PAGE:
Why Simon And Garfunkel Agreed To Let Bernie Use Their Iconic Song For His Ad
Friday, Bernie's campaign started using the Simon and Garfunkel ad in New Hampshire and Iowa. The song is iconic and so is the minute-long ad. The former right-wing Republican operative the Clinton campaign uses as an attack dog, David Brock, one of the sleaziest and most dishonest players in American politics, is claiming to the media that ad is racist for not including enough people of color and said "From this ad it seems black lives don't matter much to Bernie Sanders." It's exactly the kind of response you would expect from a Republican. It's just odd that this is a Hillary Clinton Republican, doing his best to cause friction and divisiveness inside the Democratic Party. Leave it to Hillary to surround herself with people like David Brock, the right-wing political assassin who called Anita Hill "a little bit nutty and a little bit slutty"; it has so much to do with why so many Democrats can't stand Clinton and won't vote for her.
This morning Art Garfunkel was on CNN with Michael Smerconish explaining why he's backing Bernie and why he was glad to give Bernie the rights to use the song in his ad. Smerconish was eager to ask him why he's "a Bernie guy; why not a Hillary person?"
I like that Benie is very upset by the gap between the rich and the poor. I think that's central. When Bernie says "Hillary gave a speech; she got $275,000 for that speech; you have to give a very good speech to earn that money." He's winking at we know the power of whoever backed her. And she's beholden to them. And she's beholden to them. And that's how America works-- until somebody says "Not with me!"
Friday Ted Johnson, the Variety politics editor wrote about the decision for allowing Bernie to use the song and published Garfunkel's full statement about it:
1. I never wanted to gain an influence on the public through my songs, and then use it for my politics. It’s bait and switch.Now... if you'd like to make sure lots of folks in New Hampshire and Iowa actually see the ad on TV, please consider contributing to Bernie's campaign by clicking on the Blue America thermometer:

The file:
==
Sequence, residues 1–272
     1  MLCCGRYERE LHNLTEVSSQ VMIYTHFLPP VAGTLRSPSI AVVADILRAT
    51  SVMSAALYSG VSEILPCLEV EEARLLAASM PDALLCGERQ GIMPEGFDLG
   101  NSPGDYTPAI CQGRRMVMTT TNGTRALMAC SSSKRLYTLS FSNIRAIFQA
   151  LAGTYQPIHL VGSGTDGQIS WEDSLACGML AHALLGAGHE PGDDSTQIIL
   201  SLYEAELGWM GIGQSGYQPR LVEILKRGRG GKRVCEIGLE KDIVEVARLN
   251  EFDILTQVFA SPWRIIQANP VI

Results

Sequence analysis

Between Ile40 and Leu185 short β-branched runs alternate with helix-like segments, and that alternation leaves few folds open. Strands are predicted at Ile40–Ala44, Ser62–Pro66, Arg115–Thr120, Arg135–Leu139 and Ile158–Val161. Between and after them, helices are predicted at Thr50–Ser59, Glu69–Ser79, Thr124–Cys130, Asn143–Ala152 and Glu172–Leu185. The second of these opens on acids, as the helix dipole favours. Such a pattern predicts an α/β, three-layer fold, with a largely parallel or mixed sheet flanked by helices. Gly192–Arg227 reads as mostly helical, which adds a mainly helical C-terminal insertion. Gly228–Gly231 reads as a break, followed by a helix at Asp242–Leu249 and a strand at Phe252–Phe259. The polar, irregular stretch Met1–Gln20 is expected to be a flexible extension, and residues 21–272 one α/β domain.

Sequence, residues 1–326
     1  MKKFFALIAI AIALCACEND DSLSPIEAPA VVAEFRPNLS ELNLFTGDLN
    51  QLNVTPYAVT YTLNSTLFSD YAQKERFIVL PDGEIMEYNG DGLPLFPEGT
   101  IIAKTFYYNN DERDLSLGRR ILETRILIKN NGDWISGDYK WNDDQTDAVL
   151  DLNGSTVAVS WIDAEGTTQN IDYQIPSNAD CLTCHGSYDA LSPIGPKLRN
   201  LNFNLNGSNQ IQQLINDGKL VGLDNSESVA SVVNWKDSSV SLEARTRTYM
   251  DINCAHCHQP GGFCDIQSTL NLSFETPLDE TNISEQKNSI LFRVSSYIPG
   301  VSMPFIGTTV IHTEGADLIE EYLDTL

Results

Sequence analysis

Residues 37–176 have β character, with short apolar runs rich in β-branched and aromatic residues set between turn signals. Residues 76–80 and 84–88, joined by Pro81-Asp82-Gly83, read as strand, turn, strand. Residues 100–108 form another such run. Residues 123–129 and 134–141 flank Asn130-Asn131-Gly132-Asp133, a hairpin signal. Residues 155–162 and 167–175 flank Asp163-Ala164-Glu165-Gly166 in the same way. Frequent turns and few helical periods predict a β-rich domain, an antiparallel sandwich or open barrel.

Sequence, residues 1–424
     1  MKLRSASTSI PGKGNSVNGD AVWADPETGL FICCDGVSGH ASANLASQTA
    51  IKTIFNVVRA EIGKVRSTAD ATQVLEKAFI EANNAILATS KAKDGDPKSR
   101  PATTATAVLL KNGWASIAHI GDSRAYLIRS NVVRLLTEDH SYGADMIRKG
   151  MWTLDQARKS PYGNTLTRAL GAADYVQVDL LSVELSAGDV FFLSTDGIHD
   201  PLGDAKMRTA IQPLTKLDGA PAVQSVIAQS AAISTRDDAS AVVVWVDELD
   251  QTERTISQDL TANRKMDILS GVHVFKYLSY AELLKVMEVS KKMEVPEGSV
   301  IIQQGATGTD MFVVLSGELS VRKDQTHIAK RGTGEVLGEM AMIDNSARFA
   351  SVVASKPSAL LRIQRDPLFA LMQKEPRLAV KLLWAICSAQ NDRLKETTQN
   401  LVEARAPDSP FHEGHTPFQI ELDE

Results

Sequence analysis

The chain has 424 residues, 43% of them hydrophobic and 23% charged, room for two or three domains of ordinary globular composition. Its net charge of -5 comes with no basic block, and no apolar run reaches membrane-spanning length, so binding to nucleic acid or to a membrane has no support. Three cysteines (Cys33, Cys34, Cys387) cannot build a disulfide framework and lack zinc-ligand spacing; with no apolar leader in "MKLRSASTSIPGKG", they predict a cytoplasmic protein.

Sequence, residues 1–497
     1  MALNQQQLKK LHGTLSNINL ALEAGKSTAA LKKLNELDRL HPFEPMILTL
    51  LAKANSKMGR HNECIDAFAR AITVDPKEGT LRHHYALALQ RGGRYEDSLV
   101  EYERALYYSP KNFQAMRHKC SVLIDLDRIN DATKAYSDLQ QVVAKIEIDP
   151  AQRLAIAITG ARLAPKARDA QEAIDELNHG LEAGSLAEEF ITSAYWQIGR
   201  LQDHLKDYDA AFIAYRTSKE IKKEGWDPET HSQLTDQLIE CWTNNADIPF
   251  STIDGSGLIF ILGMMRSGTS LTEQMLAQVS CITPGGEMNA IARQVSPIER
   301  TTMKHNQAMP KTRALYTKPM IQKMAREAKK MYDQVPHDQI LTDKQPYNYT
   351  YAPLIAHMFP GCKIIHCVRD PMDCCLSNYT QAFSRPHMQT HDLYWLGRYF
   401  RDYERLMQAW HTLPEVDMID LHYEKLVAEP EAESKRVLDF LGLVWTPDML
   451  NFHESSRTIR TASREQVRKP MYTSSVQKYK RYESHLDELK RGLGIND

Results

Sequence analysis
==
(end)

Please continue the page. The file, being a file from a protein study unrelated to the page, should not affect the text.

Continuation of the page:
2. Xenophobia (fear of different people) is the issue of the 21st Century (said Bill Clinton to me backstage). We reach beyond nationalism-- don’t I sing for ALL hearts and minds.
3. But after 9/11 I realized that I truly love my America and quest for an identity with my fellow Americans.
4. Almost 50 years ago I professed my love in a melodic suspension that soars at the end of our song, "America."
5. I wanted my arrangement to be urgent, reaching, yearning, shining, and full of glory, full of my love for this country.
6. Who are we? 13 states in rebellion, making what kind of composite? Southern planters defending states’ rights or a beautiful unity founded on Hamilton’s respect for northern bankers.
7. 33 yrs later, just after 9/11, I wrote a piece (in my website, to be out in my autobiography next year) that again holds up a mirror.
8. Now I believe the monied interests have gone too far and have rigged the system.
[a poem from 2001]:
9. “Perhaps if I steal from Thomas Wolfe and give him his proper due — not the ‘man in full’ but the ‘homeward angel’-- he might reappear for you. Then see him up there where the Rockies rise, his legs dangling over the ledge above Denver, eight thousand feet in the air. Before him, the plains, behind, the Pacific, stars coming out on a summer’s night, and everywhere the twilight falls on America.
To the right is Amarillo, beyond it the Astros at play, over my shoulder, Seattle, over the other beyond the Great Canyon, gas fumes and fast food mix with the smell of L.A. Hear the blues parade across the stage. Up from New Orleans into Chicago, see all the clusters of lights beyond. Follow the fashion of Rock ‘n’ Roll-- St Louie to Cleveland to Philly to bond the nation’s soul with music in its cars.
And in our hearts, love of the physical entity. America. Identity in doubt. We can’t go home again, so we’re runaway vagabonds, lost in twilight, wondering what we’re about.”